When looking for a SIP service provider, make sure you have a good estimate of how many channels you will need to get an accurate quote, since many vendors only charge you for the number of channels you need.

SIP and VoIP (Voice over Internet Protocol) are similar in many ways, but they cannot be used interchangeably. "VoIP" is a broad term that can describe any internet-based phone service (including SIP), but SIP is a specific protocol that enables VoIP by establishing start and end points and defining messages during a call.

The greatest benefit of using SIP trunking as your business phone system is that it is highly cost-effective. This is due to many reasons, but mainly because it eliminates the costs of long-distance calling. If your business often makes phone calls across the country or the ocean, SIP trunking may be the answer for you.  

SIP also eliminates the use of both data and telephone voice networks. Because SIP is IP-based, you can enjoy one centralized network with multiple digital streaming capabilities that is easily scaled and requires no physical infrastructure, which means no maintenance or hardware costs.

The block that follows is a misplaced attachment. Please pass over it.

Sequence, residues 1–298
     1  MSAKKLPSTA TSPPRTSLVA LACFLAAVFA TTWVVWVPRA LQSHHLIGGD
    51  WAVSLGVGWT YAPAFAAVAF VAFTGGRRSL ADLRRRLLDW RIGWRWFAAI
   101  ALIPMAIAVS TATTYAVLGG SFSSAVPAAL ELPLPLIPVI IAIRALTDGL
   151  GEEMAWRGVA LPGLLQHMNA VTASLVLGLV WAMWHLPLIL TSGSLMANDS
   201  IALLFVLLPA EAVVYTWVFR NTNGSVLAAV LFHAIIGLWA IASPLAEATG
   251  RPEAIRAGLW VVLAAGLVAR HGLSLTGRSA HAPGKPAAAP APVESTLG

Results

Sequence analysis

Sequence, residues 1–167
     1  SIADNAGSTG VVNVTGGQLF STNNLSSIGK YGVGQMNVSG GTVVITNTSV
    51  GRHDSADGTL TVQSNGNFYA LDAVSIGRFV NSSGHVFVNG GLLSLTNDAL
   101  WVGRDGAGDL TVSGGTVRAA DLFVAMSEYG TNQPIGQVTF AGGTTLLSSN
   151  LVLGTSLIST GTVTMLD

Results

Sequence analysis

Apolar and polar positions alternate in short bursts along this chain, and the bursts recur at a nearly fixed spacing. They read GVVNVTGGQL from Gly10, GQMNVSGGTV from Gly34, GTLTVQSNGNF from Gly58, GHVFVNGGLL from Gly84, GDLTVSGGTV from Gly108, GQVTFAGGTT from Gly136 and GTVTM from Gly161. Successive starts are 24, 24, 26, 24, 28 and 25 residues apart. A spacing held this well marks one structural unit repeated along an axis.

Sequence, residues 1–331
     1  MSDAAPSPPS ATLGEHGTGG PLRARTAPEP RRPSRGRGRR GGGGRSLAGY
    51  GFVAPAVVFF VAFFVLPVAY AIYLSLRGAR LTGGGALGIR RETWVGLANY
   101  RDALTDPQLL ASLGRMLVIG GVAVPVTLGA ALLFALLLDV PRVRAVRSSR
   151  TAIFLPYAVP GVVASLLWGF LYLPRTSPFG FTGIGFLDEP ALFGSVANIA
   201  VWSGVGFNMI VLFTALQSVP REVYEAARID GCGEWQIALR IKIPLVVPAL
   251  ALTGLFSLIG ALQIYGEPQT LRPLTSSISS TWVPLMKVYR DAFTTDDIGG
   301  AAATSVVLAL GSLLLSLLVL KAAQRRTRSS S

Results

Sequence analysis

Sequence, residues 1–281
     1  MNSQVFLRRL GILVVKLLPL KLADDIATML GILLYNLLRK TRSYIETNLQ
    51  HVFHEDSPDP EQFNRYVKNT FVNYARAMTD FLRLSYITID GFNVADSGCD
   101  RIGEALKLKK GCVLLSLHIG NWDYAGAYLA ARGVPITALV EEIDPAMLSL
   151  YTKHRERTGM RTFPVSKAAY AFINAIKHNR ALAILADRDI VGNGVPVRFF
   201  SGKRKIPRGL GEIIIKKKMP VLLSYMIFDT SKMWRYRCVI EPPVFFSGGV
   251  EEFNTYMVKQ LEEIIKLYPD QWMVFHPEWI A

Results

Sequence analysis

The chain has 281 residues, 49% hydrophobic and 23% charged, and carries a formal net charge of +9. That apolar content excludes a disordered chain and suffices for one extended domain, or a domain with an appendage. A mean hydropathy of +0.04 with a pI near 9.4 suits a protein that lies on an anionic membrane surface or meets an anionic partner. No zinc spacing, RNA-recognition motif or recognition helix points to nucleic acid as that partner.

The removal of the PSTN gateway allows the SIP trunk to connect directly to your chosen internet telephony service provider (ITSP), removes subscription fees, and gives you greater flexibility in how you scale your telecommunications services by providing more bandwidth increment options at lower rates.

A SIP trunk enables all calls to be local calls by carrying them over the internet, avoiding the costs of international or long-distance calls. The SIP trunk sends the call to the provider's termination point, where the call is transferred to a local PSTN, therefore only charging you for a local call.

To compete with ITSPs, many SIP trunking providers have added services such as ENUM, or telephone number mapping, which allows you to use the same phone number no matter where you are in the world. They also offer the elimination of 800 numbers by providing a local number based on your location.

SIP trunking is flexible and easily scalable, with an unlimited number of channels allowed per trunk and no physical installation or setup necessary. New channels can be added and enabled within hours.

SIP trunking services tend to be far more flexible and resilient than legacy phone systems in a disaster Whether it's a network failure, natural disaster or hardware problem, most services will have measures in place to make sure you can still place calls. These may include geographic redundancy, routing calls to different locations or data centers, or dispersed network operating centers.

Your SIP trunking service will also help you create a disaster preparation plan on your end, including steps such as routing your calls to a different predetermined number, using a backup trunk provider, or having a cloud system ready for backup.